Sparc Wins Graphene Patent to Make Heavy Metal Acceptable for Modern Society

Sparc Wins Graphene Patent to Make Heavy Metal Acceptable for Modern Society

Sparc has secured a key graphene patent in the United States that strengthens its environment and sustainability portfolio.

The patent grants the company exclusive access to graphene’s unique ability to act in a high performance and efficient porous matrix to remove heavy metal ions from liquid or gas.

Heavy metal pollution is an ongoing environmental concern for modern society and being able to address it will allow the company to tap into a significant market.

Sparc Technologies is also exploring ways to tailor the technology to facilitate removal of additional organic species from liquids or gas to further strengthen its ability to have a substantial impact on the many environmental challenges that exist today.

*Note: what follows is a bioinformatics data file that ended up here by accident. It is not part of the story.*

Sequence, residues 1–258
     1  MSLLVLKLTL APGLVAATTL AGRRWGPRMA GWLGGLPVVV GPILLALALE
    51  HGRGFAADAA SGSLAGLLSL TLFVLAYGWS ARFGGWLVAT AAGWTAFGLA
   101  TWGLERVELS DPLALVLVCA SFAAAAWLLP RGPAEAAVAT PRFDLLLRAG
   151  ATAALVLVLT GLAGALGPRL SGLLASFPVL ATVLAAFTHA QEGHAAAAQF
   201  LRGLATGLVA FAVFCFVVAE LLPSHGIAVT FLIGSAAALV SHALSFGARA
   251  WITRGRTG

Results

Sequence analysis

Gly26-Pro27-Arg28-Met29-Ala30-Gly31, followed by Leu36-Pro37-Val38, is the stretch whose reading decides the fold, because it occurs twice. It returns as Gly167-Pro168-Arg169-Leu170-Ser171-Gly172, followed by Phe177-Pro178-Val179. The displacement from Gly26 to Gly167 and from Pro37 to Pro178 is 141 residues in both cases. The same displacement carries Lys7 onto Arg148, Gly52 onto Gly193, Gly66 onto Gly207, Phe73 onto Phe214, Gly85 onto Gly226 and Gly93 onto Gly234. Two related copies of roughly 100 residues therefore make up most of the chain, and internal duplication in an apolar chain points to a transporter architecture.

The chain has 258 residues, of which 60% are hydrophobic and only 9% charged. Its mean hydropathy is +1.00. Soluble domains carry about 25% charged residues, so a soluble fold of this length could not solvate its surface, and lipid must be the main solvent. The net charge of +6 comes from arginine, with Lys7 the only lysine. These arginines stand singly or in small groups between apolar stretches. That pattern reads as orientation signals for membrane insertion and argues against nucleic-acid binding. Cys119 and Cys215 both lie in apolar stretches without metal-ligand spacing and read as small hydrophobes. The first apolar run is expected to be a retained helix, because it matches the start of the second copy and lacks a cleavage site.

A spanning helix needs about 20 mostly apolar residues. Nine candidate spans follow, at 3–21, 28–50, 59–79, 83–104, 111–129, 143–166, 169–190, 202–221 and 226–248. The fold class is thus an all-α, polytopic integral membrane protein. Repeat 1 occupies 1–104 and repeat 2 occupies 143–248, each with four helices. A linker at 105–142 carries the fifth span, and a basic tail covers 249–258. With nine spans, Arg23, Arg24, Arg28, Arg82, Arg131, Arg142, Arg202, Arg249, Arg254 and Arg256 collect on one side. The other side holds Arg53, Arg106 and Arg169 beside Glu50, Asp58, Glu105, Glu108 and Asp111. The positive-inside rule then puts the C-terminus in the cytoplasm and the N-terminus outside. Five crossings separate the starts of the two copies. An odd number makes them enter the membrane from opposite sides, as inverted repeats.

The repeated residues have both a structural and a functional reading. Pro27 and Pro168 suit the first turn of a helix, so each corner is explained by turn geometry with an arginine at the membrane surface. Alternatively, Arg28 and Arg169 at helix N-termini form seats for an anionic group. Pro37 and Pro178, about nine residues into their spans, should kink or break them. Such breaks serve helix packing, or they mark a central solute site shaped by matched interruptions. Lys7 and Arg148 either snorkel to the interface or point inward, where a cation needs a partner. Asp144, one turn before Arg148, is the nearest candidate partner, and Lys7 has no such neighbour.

“The granting of this patent further enhances Sparc’s technology portfolio in the area of sustainability and waste remediation whilst complementing the work being undertaken with PFAS,” chief executive officer Mike Bartels noted.

“The versatile class of graphene-based materials covered under this patent presents an opportunity to develop solutions for a wide range of high-impact environmental contaminants, such as mercury and arsenic.

“Intellectual property goes to the heart of Sparc’s value creation and Sparc is currently in discussions with commercial partners to further develop the technology under this patent.”

PFAS covers a group of chemical compounds used in products to resist heat, oil, stains and water. The patent is licensed from the University of Adelaide, a substantial shareholder of the company.

Other uses

Sparc’s graphene technology can also be used to extract precious materials from tailings. This is focused on research that shows graphene can be used to improve accepted industry extraction yields of precious and base metals.


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